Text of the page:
American Tantalus argues that modern US fictions often grow preoccupied by tantalisation. This keyword might seem commonplace; thesauruses, certainly, often lump it in with tease and torment in their general inventories of desire. Such lists, however, mislead. Just as most US dictionaries have in fact long recognised tantalise's origins in The Odyssey, so they have defined it as the unique desire we feel for objects that (like the fruit and water once cruelly placed before Tantalus) lie within our reach yet withdraw from our attempts to touch them. On these terms, American Tantalus shows, tantalise not only describes a particular kind of thwarted desire, but also one that dominates modern US fiction to a remarkable extent. For this term specifically evokes the yearning to touch alienated or virginal objects that we find examined by F. Scott Fitzgerald, Toni Cade Bambara, Richard Wright and Toni Morrison; and it also indicates the insatiable pursuit of the horizon so important to Willa Cather and Edith Wharton among others. This eclectic canon indeed prefers the dictionary to the thesaurus: unreachable destinations and untouched commodities here indeed tantalise, inviting gestures of inquiry from which they then recoil. This focus, while lodging cycles of tantalisation at the very heart of American myth, holds profound implications for our understanding of modernity, and, in particular, of the cultural genesis of the commodity as a form.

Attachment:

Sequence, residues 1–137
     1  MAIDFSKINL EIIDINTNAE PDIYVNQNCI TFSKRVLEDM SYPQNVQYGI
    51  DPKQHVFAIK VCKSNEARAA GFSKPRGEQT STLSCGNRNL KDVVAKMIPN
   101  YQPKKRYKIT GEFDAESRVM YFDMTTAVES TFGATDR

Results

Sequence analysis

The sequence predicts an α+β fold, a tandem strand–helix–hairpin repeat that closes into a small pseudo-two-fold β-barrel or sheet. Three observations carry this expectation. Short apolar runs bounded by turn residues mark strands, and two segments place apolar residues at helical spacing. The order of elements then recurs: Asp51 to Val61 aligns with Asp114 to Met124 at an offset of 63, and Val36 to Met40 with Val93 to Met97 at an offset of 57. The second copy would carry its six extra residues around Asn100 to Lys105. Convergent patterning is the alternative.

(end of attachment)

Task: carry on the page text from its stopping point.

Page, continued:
AUTHOR: Andrew Warnes is Reader in American Studies in the School of English, University of Leeds, UK.